The Driving in India Act Amendment

The following is the updated version of “The Driving in India Act”.


The assumption of immortality is required of all road users.


Indian traffic, like Indian society, is structured on a strict caste system. The following precedence must be accorded at all times. In descending order, give way to:Cows, elephants, heavy trucks, buses, official cars, camels, light trucks, buffalo, jeeps, ox-carts, private cars, motorcycles, scooters, auto-rickshaws, pigs, pedal rickshaws, goats, bicycles (goods-carrying), handcarts, bicycles (passenger-carrying), dogs, pedestrians.


All wheeled vehicles shall be driven in accordance with the maxim:

to slow is to falter,

to brake is to fail,

to stop is defeat.

This is the Indian drivers’ mantra.


Use of horn (also known as the sonic fender or aural amulet):

Cars (IV,1,a-c):

1. Short blasts (urgent) indicate supremacy, i.e., in clearing dogs, rickshaws and pedestrians from path.

2. Long blasts (desperate) denote supplication, i.e., to oncoming truck: “I am going too fast to stop, so unless you slow down we shall both die”. In extreme cases this may be accompanied by flashing of headlights (frantic).

3. Single blast (casual) means: “I have seen someone out of India’s 870 million whom I recognise,” “There is a bird in the road (which at this speed could go through my windscreen),” or “I have not blown my horn for several minutes.”

Trucks and buses (IV,2,a):

A. All horn signals have the same meaning, viz: “I have an all-up weight of approximately 12.5 tons and have no intention of stopping, even if I could.” This signal may be emphasised by the use of headlamps.

ARTICLE V remains subject to the provision of Order of Precedence in Article II, above.

ARTICLE VI: All manoeuvres, use of horn and evasive action shall be left until the last possible moment.

ARTICLE VII: In the absence of seat belts (which there is), car occupants shall wear garlands of marigolds. These should be kept fastened at all times.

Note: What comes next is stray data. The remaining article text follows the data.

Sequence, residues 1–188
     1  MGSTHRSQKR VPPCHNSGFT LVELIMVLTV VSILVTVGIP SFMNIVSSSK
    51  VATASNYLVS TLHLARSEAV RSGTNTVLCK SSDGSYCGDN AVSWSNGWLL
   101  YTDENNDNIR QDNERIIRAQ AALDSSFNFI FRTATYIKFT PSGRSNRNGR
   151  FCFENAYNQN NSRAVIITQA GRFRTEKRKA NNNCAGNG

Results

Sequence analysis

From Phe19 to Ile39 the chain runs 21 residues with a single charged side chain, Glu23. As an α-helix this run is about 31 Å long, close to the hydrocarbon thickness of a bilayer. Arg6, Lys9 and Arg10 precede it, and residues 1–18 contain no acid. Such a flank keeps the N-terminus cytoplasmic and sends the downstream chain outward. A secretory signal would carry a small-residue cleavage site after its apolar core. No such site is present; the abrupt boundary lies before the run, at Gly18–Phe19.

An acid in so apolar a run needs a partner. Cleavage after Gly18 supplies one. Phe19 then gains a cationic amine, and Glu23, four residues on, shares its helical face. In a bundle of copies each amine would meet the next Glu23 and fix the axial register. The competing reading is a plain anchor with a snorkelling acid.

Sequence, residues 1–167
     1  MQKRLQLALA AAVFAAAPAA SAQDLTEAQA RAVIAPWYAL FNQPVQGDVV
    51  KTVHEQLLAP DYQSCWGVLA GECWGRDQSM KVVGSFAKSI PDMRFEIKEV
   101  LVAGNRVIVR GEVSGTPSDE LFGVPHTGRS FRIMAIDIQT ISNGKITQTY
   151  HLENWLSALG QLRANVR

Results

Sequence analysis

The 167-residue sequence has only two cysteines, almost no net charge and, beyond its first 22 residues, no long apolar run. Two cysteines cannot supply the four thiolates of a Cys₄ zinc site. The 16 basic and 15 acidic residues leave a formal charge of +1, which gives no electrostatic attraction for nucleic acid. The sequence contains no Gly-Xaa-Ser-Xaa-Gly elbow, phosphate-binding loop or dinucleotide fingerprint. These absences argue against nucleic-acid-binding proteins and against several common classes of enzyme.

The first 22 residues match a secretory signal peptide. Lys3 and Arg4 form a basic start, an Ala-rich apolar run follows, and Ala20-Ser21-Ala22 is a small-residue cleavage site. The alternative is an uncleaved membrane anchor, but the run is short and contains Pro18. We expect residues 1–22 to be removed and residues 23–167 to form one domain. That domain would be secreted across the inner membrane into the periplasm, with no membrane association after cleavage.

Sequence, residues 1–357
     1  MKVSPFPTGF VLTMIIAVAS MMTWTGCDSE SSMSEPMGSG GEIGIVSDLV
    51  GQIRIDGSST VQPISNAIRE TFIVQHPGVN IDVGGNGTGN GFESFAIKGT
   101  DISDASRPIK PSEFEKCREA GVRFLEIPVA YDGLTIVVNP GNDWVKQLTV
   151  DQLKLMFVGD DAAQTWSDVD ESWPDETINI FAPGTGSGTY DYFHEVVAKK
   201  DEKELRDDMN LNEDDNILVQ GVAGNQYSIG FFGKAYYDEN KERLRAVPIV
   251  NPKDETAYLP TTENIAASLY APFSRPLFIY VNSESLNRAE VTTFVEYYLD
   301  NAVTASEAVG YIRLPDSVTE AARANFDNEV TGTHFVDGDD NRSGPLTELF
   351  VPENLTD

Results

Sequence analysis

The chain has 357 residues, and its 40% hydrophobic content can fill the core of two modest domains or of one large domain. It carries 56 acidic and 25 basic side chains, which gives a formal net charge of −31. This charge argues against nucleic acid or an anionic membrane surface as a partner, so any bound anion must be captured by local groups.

1. Rights of way: Traffic entering a road from the left has priority. So has traffic from the right, and also traffic in the middle.

2. Lane discipline (VII,1): All Indian traffic at all times and irrespective of direction of travel shall occupy the centre of the road.

ARTICLE IX: Roundabouts: India has no roundabouts.

Apparent traffic islands in the middle of crossroads have no traffic management function. Any other impression should be ignored.

ARTICLE X: Overtaking is mandatory. Every moving vehicle is required to overtake every other moving vehicle, irrespective of whether it has just overtaken you. Overtaking should only be undertaken in suitable conditions, such as in the face of oncoming traffic, on blind bends, at junctions and in the middle of villages/city centres. No more than two inches should be allowed between your vehicle and the one you are passing — and one inch in the case of bicycles or pedestrians.

ARTICLE XI: Nirvana may be obtained through the head-on crash.

ARTICLE XII: Reversing: no longer applicable since no vehicle in India has reverse gear.

This came to my attention via a forwarded email.


  1. arZan March 8, 2006


    I wrote a post about “HONKING: The National Past Time” on Metroblogging Mumbai, where i write regularly. Check it out.

  2. Michael H. March 8, 2006

    Hi Arzan
    You need to include under Article III
    “You must sound horn every 5 seconds!”

    My son calls driving in India a “beeping contest”

  3. Michael H. March 8, 2006

    Whoops! I didn’t see the rest underneath the fold!

    But the thing that really bothers me is the drivers who will drive head-on in the wrong lane and expect others to avoid him.

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